I've heard the argument that it's a cold, frustrated, bitter imagination that refuses to accept this world for what it is and demand that something must be behind it or must have created it. But it feels even more inhumane to say that we are tiny, insignificant dots in the grandeur of the universe.


And some atheists wonder why the religious hold onto their "bullshit dogma". Sometimes it seems like there's greater peace in ignorance than coming to terms with your own meaninglessness.

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Interesting post! A while ago I wrote a similar post dealing with how religion relies on our fear to push its agenda.

Looking forward to your next post!

Do you see the belief in radical life extension and transhumanism as being upheld by the same things as after life in Christianity? After reading a great deal about it, I'm still on the fence as to weather or not radical life extension is in my own lifetime is a realistic goal, but one thing to keep in mind is that while eternal youth has always been a fantasy of people and has always been an unrealistic goal, the time that we live in is a time completely unique to the entire history of the universe.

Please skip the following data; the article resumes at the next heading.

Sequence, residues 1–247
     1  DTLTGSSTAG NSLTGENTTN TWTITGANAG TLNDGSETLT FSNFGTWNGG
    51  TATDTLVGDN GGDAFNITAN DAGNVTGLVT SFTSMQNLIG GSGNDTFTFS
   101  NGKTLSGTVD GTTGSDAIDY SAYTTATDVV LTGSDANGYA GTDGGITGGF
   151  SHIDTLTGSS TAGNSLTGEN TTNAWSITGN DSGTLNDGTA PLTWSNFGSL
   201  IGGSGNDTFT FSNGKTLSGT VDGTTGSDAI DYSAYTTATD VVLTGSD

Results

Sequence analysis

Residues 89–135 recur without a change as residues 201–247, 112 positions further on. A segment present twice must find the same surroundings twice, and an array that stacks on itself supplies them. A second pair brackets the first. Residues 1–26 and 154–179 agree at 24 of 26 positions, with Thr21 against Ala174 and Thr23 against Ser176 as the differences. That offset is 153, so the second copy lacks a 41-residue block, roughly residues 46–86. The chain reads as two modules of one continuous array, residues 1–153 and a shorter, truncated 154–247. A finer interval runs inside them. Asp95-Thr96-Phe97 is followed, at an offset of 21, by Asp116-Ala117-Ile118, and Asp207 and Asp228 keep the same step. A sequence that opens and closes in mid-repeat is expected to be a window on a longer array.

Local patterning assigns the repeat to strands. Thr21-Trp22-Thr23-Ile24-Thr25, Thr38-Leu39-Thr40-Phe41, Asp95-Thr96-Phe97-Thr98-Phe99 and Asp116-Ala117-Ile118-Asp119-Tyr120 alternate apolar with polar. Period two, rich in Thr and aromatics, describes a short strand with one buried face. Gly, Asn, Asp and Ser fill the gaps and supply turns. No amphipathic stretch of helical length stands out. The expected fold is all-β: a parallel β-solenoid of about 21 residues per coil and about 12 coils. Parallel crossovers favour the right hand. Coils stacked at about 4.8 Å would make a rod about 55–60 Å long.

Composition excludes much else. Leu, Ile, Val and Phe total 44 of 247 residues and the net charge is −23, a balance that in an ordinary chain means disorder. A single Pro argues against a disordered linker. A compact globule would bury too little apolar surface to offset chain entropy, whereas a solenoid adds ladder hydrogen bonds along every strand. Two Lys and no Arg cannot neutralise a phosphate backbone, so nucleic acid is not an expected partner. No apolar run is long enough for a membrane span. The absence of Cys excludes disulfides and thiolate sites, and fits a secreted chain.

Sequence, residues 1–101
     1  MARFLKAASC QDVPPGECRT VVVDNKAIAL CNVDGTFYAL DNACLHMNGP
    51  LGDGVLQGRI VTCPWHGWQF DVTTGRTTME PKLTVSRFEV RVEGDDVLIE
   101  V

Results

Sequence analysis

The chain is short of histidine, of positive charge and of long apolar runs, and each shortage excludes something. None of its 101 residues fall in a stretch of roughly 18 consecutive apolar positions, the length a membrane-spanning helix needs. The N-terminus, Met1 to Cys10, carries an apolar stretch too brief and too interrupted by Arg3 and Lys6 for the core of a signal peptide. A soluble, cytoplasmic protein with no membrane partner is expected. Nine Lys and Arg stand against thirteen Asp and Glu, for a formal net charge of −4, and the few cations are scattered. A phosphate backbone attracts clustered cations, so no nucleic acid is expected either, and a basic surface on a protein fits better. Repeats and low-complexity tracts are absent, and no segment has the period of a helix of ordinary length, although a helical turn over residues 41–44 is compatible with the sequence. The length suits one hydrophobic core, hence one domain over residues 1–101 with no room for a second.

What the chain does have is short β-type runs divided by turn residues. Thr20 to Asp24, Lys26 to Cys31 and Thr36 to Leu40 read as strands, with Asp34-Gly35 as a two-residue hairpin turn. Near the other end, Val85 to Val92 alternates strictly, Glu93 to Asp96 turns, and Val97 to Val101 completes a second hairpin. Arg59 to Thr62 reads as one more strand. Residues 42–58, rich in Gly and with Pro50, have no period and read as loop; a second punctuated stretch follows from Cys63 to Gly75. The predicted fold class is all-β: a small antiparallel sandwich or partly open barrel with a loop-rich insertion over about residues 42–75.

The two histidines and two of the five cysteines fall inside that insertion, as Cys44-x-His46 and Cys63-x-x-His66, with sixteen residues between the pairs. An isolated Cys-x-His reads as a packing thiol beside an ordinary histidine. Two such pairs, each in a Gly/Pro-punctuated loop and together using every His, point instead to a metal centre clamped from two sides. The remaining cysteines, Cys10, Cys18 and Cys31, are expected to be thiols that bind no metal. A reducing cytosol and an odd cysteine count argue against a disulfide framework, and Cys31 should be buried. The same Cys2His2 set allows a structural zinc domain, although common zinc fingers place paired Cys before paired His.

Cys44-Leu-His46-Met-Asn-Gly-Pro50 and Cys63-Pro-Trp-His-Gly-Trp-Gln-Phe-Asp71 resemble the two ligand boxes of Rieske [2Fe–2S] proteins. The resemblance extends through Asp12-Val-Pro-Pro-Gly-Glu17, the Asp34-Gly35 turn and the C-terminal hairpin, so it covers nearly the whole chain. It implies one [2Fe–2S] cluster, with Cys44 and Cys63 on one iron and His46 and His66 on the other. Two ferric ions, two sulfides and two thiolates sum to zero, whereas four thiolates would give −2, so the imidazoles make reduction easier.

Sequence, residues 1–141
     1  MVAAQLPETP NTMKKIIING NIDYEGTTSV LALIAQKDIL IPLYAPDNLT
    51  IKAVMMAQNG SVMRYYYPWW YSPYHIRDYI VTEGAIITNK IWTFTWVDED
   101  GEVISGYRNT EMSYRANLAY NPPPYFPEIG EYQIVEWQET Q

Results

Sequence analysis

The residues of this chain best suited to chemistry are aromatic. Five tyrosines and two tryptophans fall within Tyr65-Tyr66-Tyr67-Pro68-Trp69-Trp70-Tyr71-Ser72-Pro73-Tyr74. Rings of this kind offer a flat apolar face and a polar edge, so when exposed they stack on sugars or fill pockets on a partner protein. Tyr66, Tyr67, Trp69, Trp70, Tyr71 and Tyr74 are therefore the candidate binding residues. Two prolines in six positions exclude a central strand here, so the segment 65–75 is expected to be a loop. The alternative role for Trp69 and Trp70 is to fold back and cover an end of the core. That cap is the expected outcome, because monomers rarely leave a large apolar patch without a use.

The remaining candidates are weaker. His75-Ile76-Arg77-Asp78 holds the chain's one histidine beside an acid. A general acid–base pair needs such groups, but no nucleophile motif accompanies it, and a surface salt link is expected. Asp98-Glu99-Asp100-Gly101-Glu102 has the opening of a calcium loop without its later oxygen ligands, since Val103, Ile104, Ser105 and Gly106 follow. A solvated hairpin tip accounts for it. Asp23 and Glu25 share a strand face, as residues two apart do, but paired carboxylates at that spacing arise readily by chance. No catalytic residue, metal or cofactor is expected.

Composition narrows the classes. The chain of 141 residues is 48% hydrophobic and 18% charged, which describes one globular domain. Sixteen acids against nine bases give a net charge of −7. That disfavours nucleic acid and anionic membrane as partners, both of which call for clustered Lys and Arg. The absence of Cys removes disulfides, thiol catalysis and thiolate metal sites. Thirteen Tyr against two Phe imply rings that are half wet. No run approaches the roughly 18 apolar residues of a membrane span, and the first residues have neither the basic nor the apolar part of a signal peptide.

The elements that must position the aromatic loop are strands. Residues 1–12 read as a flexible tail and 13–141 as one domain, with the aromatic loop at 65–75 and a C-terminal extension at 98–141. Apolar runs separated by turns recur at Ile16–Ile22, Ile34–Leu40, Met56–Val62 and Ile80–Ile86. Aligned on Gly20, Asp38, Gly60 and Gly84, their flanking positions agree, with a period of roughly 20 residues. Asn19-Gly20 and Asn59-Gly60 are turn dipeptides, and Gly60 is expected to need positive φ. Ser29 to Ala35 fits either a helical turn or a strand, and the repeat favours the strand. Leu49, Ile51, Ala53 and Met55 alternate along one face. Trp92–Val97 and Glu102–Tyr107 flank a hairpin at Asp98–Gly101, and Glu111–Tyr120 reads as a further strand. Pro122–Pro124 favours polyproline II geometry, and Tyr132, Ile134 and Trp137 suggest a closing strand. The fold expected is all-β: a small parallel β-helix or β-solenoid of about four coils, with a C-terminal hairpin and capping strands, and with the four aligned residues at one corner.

Which brings me to the same response I've always had to people suggesting that the lack of a god detracts from the importance of humanity. Humans decide what is important, and no matter how "dot" sized we may be in context of the universe, our unique nature(life) to the universe makes us anything but insignificant. In fact I have always thought of us as quite special. We are sentient. We are the first to apply long term pattern recognition into our habits of modifying the universe around us. I take comfort in knowing that god almost certainly does not exist, because it defends the idea that the future of humanity is something completely new. Throughout life I have been perpetually taken aback by the nature of nature itself, and what seems to me as a self evident "meaning" behind life, as well as reassurance that meaning is a personal pursuit, independent of manipulation from control of other sentient beings. If you do need a psychological anchor that is at least more believable than theism, I would strongly advise you to become familiar with Transhumanism.